77 Swallows and Amazons - Arthur Ransome
78 Germinal - Emile Zola
79 Vanity Fair - William Makepeace Thackeray
80 Possession - AS Byatt
81 A Christmas Carol - Charles Dickens
82 Cloud Atlas - David Mitchell
83 The Color Purple - Alice Walker
84 The Remains of the Day - Kazuo Ishiguro
85 Madame Bovary - Gustave Flaubert
86 A Fine Balance - Rohinton Mistry
87 Charlotte's Web - EB White
88 The Five People You Meet In Heaven - Mitch Albom
89 Adventures of Sherlock Holmes - Sir Arthur Conan Doyle
90 The Faraway Tree Collection - Enid Blyton
91 Heart of Darkness - Joseph Conrad
92 The Little Prince - Antoine De Saint-Exupery
93 The Wasp Factory - Iain Banks
94 Watership Down - Richard Adams
95 A Confederacy of Dunces - John Kennedy Toole
96 A Town Like Alice - Nevil Shute
97 The Three Musketeers - Alexandre Dumas
98 Hamlet - William Shakespeare
99 Charlie and the Chocolate Factory - Roald Dahl
100 Les Miserables - Victor Hugo
So, I’m clearly above average. Cool.
Monday, June 23, 2008
Black-footed Ferrets Give Birth
The black footed ferret, an endangered species, native to the North American Prairie, gave birth at the National Zoo on June 20th.
From the National Zoo's Website:
The National Zoo's Conservation and Research Center (CRC), in Front Royal, Virginia, has been breeding endangered black-footed ferrets for 20 years to bring them back from the brink of extinction. This year, 21 females were bred at CRC, four by artificial insemination and 17 by natural pairings.
So far, four ferrets have given birth to litters, including Georgia, the ferret featured on our web cam. She gave birth to a kit, resulting from artificial insemination, on June 20. Look for the newborn on the cam. It does not yet have the dark markings of its mother.
CRC staff were not sure which ferrets were pregnant. Ferrets are induced ovulators, which means they do not ovulate until they breed. When we artificially inseminate them, we give them a hormone injection the day before to induce ovulation. Ovulation usually results in a pregnancy or a pseudo (false) pregnancy. As with giant pandas, their hormone levels change as if they were pregnant, whether or not they are. Also, their appetite will increase, they will gain weight, and show other changes in behavior.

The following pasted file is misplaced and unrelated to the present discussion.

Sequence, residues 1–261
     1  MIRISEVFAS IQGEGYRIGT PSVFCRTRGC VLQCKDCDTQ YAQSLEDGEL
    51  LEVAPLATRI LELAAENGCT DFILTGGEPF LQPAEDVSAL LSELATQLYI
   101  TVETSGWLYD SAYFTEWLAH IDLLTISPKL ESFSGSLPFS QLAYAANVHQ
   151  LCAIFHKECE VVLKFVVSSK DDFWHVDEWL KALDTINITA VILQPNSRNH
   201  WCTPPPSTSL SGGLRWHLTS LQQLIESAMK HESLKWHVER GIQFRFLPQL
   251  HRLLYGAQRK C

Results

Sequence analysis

The National Zoo has even put a webcam up HERE.
Saturday, June 21, 2008
Meet the Mutt and other events
Ironically, my last post was about "designer dogs." Well, if you haven't heard, Rob and I have one. A dog, not necessarily designer, though. We were told he's a yorkie-poo, but I think that they're full of it. He's definately got terrier in him. Maybe a little schnauzer. Possibly poodle, but who knows?!? We're ok with that, though. He's our little mutt!
He came with the name Buddy, but that's not really his name. Anytime you end up calling your dog "puppy, puppy, puppy" it's b/c he doesn't really like his name (same goes for cats, and you end up calling them "kitty"). Well, Rob and I were talking the other day, and Tycho Brahe came up. Yes, we are such big nerds that 400 year old astronomers come up in conversation. We decided Tycho is a perfect name for him! So, little Buddy's name is Tycho "Hoover" Barkhe (pronouned Bark-ey). Yes, we are such dorks. "Hoover" b/c he snuffles the carpet in hopes of "vacuuming" up any food we may have dropped.
Pictures of Tycho are in my flickr set here (click on the photo to get taken to my flickr photos):
Rob and I also went to the zoo on Weds and saw the cutest thing ever! Baby Peacocks! Yes, baby peacocks are friggin' adorable! See for yourself! If you click on the photo, you can see more pictures from our zoo trip, and yes, more adorable baby peacocks!